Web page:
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If you are a fan of brutal, slamming death metal, there are a few things that you have to force yourself to accept about the music you listen to. Firstly, yes, it can get repetitive, and there are going to be many ideas on a CD you will hear in 5 years time that were on a CD you heard 5 years ago. Secondly, it will stay that way for a long while. It’s not as if someone is going to come along and re-invent brutal death metal anytime soon, which is even truer of slam, which has maintained the same essential blueprint since its conception. And thirdly, it may be the subject of some harsh but fair criticism; slam isn’t exactly the home of the guitar wizard, nor is it deemed to have much, if any, musical value by the many people who can’t seem to get into it.
That is because, dear hearts, this style of music is all about effect; pummelling, brutal, sonic impact that doesn’t really give a shit if it sounds like the pummelling, brutal, sonic impact you were bludgeoned with yesterday, or will be tomorrow. And through knowing this comes an ability to fully enjoy CDs like this one, which does exactly what it promises to do, which is exactly what you though it would, which is exactly why you bought it.
We start with Russia’s Katalepsy, who actually manage to sound like a generous mix of the other two bands that comprise this CD. Blending some lovely chunky slam sections with groove-laden blasts and hideously guttural vocals, this is definitely the more rounded contribution to this collective effort. All four songs feel full of ideas, with little chops and hooks flying everywhere, although none more so than on ‘Post Apocalyptic Segregation’, which is surely the highlight of the entire release. Throw in some well chosen samples (“Congratulations: you are still alive” from the Saw films at the end of ‘Carpet Wounding’ was a moment of brilliance) and the end product is some cracking brutal death material from a band that shows serious promise for the future.
Next up are Londoners Fleshrot, who have changed style slightly with their most recent material in favour of a more fast-paced brutal death approach. There is a slamming groove to their four tracks on ‘Triumph of Evilution’, but speed is still very much at the forefront of the material here on this release. Case in point, ‘Cranial Atrophy’, for the most part, is an absolute blast machine, closer to Desecration’s brand of brutal death metal than the chug-slam-groove of Devourment. However, Fleshrot’s tracks never sound out of place when it comes to such things (have a listen to ‘Drugged Fucked Dismembered’ for a pristine example) and although they tend to leave the slamming to other bands nowadays, this should serve as a reminder that their older material is still more than worthy of the occasional listen, especially after it has been justified by a great live show.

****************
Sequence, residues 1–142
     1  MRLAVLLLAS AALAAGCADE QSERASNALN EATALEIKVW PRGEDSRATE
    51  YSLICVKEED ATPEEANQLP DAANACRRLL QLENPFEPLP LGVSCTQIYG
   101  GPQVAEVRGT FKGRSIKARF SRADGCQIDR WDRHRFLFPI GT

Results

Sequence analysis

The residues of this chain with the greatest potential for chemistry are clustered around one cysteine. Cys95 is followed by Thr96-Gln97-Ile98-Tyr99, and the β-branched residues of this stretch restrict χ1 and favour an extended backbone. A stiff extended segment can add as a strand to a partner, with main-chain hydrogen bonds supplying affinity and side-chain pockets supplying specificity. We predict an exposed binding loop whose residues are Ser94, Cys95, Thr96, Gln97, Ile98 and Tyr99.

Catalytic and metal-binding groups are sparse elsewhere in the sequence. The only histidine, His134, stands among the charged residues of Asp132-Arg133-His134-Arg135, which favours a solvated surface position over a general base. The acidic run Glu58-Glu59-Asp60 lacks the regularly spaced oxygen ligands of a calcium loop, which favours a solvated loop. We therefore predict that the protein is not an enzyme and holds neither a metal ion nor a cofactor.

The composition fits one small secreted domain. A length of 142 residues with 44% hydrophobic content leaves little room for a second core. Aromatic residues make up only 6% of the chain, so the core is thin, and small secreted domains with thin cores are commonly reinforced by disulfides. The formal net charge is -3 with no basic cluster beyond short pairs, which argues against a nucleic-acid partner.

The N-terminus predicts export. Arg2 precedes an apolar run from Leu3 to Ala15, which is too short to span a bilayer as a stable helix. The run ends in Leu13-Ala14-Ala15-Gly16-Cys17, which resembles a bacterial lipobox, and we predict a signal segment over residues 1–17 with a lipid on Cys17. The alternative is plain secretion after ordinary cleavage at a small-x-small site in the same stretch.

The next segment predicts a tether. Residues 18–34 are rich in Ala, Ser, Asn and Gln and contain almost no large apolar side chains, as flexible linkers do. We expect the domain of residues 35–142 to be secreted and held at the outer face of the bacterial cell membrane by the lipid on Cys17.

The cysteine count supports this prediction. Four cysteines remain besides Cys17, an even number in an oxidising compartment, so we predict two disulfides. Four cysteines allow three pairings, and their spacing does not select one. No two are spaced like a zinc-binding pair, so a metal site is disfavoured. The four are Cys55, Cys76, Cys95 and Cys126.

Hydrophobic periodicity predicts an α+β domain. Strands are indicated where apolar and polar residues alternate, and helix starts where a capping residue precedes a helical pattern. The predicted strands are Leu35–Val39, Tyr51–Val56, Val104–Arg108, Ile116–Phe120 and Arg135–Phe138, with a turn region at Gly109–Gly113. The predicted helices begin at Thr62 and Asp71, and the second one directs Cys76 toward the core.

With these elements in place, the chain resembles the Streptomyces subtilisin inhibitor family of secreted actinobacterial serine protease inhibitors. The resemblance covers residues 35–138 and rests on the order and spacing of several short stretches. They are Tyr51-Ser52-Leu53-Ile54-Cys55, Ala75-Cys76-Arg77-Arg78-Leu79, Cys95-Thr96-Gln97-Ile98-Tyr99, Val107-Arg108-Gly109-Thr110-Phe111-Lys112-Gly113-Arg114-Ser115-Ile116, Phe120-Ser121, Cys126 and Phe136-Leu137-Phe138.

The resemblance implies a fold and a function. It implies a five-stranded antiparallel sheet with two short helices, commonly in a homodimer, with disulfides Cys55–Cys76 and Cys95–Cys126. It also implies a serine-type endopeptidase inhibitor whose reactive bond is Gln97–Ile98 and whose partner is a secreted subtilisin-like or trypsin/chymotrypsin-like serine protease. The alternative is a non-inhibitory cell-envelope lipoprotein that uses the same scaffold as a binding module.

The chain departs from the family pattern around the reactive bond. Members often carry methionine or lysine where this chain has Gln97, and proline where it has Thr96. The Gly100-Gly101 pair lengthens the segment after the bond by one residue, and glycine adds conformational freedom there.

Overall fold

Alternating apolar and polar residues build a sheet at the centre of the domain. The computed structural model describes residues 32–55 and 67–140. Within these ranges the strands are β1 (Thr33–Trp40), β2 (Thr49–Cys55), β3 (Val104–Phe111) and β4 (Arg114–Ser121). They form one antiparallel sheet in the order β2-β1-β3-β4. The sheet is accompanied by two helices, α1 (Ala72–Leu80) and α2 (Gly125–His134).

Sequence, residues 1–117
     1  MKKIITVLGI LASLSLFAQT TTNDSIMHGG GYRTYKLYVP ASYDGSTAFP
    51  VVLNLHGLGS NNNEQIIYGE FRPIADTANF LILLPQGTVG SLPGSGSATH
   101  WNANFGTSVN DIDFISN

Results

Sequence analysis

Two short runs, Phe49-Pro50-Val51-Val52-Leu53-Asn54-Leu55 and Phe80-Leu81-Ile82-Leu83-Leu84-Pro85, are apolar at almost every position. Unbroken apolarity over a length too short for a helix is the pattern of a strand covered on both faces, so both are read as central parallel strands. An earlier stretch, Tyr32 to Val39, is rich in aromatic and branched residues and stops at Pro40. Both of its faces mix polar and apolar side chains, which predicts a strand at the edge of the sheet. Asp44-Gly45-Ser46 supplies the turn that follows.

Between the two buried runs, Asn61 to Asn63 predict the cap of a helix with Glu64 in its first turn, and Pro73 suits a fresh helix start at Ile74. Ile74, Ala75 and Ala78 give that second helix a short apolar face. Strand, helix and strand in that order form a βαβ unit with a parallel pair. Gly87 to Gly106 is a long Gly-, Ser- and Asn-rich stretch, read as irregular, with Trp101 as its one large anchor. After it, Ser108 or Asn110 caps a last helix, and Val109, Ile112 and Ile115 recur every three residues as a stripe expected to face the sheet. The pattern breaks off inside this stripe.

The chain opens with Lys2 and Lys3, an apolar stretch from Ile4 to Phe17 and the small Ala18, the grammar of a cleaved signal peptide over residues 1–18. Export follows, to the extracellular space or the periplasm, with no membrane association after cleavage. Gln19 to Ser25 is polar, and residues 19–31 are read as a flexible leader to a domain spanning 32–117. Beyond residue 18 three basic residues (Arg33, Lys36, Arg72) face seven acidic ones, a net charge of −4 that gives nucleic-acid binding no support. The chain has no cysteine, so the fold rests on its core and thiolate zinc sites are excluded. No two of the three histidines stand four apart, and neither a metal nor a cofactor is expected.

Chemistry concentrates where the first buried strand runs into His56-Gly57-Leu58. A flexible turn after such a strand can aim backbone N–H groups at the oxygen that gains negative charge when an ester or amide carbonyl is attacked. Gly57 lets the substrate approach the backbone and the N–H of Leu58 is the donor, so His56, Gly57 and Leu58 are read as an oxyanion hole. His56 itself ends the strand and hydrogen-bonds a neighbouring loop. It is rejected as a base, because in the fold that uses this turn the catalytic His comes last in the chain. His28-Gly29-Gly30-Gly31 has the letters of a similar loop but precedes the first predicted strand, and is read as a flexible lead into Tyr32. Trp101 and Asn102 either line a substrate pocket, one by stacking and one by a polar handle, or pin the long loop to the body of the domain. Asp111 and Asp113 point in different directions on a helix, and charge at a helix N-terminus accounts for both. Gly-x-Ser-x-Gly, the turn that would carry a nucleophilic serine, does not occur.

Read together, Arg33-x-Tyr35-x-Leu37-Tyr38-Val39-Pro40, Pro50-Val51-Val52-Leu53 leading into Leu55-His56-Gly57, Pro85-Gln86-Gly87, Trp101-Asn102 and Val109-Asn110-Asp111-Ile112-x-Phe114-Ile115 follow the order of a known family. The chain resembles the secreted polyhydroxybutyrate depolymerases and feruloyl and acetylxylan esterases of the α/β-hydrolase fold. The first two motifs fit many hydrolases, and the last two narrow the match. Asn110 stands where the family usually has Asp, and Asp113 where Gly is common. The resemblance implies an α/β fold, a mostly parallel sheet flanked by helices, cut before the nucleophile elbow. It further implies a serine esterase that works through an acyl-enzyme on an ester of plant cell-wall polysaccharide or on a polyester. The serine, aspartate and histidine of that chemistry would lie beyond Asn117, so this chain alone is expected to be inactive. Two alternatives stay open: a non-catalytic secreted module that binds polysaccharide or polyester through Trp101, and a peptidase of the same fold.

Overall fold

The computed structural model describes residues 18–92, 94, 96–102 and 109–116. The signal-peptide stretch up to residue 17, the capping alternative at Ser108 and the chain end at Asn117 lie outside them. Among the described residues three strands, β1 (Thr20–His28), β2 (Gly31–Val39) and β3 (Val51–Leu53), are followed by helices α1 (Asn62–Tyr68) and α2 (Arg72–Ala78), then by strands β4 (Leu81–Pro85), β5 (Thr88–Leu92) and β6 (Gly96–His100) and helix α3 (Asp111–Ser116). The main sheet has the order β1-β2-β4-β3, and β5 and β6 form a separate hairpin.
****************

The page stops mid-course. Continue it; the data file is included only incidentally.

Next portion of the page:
Rounding off this 3-way wife beating is Japan’s Blunt Force Trauma, who provide about 98% of your recommended RDA of beatdowns. Great and groovy as this might be, the four tracks they have on offer fail to capture the listener to quite the same degree as those from the previous two groups, for obvious reasons; when you restrict yourself to experimenting with basically nothing but slow chug sections then it doesn’t take too long before the well runs dry of ideas and attention starts to wander. The blastbeats, on the few occasions that they are used, do enough to stop me from switching off completely, but for the most part this is fairly basic, unimaginative stuff, and when the band really slow things down (there are some slam sections that are so slow its practically doom metal) then the flaws in the song writing become obvious fairly quickly. ‘Empty Lies and Broken Promises’ and ‘Blackboard Jungle’ are each simply minor variations of exactly the same riff, indicative of the lack of substance within these songs. Unfortunately, Blunt Force Trauma’s good intentions and decent vocal performance fail to quell the slight sense of disappointment that follows listening to this otherwise fantastic compilation of brutal death metal.